The University of Paris was nothing like a modern university. It was a federation of schools, the colleges, made to train religious clerks and officials. It incorporated several faculties including the faculty of medicine.
Knowing this, we understand that in no way, it was a place for a secular science relying on experimentation. It was a religious institution where knowledge was included in a religious understanding of the world and limited by it.
These experts affirmed that the plague was linked to a contamination of the air. Their answers quoted Aristotle, and the great philosopher of the XIIIth century Master Albert.
Their answer was also based on astrological observations as the movement of the planets and the stars was thought to have important consequences.
The special conjunction between Mars, Jupiter and Saturn was interpreted as unfavorable. The observation of a comet 3 years before the start of the epidemic was also considered as a bad omen.
They strictly rejected the idea of contagion. Of course, there was no way to observe the microbes and to understand the process at stake, but this idea of contagion was nonetheless believed by many ordinary people, based on their daily observations. Common sense was in this case less misleading than years of studies.
The theory of the contaminated air is the reason why the physicians wore long noses full of smelling herbs.
They would often prescribe the same herbs or vinegar baths, among other fanciful remedies, to the sick.
What they did not know is that their uniform made to protect their whole body from this contaminated air, protected them from the fleas. They had done the right thing for wrong reasons.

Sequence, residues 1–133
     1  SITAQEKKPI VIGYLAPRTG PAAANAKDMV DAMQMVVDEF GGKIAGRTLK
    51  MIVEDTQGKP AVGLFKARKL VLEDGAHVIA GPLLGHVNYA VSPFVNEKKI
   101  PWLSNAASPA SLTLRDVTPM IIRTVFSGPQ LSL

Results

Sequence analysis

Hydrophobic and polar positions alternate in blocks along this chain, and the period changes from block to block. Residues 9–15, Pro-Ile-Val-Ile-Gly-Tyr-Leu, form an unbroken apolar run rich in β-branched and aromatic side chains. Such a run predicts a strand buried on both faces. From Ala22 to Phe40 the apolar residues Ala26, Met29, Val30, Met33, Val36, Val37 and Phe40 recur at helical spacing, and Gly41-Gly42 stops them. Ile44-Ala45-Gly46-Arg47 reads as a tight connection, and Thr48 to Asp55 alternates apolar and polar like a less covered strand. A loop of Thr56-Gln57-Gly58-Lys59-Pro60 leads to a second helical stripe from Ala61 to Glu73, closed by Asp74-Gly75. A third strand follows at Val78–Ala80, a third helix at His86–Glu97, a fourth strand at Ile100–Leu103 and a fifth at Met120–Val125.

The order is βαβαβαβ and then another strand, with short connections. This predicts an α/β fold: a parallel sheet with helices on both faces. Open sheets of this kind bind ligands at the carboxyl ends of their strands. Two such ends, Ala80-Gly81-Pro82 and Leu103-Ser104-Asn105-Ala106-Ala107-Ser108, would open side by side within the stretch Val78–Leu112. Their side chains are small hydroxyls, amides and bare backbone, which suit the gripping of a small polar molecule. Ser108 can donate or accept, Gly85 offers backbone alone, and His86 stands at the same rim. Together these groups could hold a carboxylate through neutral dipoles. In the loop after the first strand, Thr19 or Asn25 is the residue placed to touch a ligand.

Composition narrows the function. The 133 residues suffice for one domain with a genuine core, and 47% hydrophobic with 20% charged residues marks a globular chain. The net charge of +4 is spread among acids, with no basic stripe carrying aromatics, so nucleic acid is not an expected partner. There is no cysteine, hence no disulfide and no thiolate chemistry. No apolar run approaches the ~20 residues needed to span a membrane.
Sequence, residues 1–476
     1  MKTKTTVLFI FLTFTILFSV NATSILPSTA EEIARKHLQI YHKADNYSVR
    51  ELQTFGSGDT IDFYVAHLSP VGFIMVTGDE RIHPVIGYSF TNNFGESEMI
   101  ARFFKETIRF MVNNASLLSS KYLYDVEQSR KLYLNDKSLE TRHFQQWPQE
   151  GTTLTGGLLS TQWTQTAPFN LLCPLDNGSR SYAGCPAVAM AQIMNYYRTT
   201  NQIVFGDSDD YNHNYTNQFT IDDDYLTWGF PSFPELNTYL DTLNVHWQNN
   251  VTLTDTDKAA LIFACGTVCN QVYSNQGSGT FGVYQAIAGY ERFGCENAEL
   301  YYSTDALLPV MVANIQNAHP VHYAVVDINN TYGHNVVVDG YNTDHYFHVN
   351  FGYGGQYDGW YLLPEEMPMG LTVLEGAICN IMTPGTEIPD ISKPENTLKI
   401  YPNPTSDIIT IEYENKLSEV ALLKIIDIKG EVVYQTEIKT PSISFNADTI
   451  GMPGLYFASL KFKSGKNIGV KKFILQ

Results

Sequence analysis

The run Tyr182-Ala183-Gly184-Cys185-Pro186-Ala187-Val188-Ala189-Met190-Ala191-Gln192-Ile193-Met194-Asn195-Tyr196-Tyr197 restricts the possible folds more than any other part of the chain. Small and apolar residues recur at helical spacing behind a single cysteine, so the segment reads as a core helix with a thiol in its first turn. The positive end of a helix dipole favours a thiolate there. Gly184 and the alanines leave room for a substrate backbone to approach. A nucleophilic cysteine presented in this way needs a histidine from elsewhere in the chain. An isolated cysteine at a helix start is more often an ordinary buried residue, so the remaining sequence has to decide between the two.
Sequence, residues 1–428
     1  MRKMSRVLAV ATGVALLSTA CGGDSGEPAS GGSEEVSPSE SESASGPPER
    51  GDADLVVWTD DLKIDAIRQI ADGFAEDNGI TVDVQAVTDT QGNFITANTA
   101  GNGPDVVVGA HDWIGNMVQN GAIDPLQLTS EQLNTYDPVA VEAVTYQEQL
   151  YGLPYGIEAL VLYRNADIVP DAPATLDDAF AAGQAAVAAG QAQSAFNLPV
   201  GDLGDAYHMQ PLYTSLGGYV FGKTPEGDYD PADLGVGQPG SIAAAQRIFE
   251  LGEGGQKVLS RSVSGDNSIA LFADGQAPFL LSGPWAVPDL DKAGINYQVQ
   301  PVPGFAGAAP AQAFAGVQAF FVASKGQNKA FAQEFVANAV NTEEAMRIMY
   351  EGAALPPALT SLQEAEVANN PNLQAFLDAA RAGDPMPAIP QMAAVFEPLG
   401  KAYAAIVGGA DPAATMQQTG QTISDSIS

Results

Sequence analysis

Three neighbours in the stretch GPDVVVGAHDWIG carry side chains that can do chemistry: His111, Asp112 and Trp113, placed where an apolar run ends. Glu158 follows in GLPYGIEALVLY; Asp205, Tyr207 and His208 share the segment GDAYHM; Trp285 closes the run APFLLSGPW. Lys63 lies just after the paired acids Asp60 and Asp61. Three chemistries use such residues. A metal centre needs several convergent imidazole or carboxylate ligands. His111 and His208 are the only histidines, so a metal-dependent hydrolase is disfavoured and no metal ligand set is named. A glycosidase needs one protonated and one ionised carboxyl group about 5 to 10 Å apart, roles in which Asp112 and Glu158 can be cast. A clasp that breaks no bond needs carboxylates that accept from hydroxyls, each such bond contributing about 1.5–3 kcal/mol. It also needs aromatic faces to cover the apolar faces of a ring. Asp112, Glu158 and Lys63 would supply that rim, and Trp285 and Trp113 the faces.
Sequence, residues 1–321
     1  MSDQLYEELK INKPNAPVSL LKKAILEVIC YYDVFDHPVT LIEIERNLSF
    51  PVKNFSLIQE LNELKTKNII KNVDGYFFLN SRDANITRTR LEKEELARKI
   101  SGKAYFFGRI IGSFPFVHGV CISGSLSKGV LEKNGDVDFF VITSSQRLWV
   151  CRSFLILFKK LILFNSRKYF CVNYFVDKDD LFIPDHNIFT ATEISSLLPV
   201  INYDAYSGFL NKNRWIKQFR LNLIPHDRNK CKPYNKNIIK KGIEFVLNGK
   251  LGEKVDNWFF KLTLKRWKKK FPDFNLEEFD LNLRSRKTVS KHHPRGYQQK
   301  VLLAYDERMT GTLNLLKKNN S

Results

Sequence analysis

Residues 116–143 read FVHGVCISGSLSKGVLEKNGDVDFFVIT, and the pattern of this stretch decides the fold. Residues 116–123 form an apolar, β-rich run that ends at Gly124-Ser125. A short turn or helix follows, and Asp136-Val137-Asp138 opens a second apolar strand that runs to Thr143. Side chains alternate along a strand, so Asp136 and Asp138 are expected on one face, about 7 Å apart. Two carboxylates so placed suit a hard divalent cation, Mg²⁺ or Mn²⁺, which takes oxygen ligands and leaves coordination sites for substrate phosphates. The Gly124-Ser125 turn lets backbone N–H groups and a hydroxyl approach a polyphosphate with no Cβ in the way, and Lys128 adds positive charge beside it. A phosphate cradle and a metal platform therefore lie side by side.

6. The Church suffered a lot during the Plague
The city was not adapted to face an epidemic of this size. The situation was aggravated because all the people who could leave the city did it. The richest and most dynamic part of the population took shelter in the countryside.
Remained mostly the poor who had to continue working and many religious whose duty was to stay.
These priests, monks and nuns who did the religious offices and took care of the sick paid a very high price.
These losses caused a major problem because of the importance of the confession in Catholicism. Most people were scared to go to hell if they did not receive the absolution of their sins and crimes. It became increasingly difficult to find a priest available and willing to visit people affected by the plague.
The staff of the hospital was also composed of religious. At this time the only hospital of Paris was l’Hotel-Dieu, literally meaning the House of God.
It was located 50 meters from Notre-Dame, by the river Seine. The hospital still exists but has been slightly moved in the middle of the island with buildings from the XIXth century.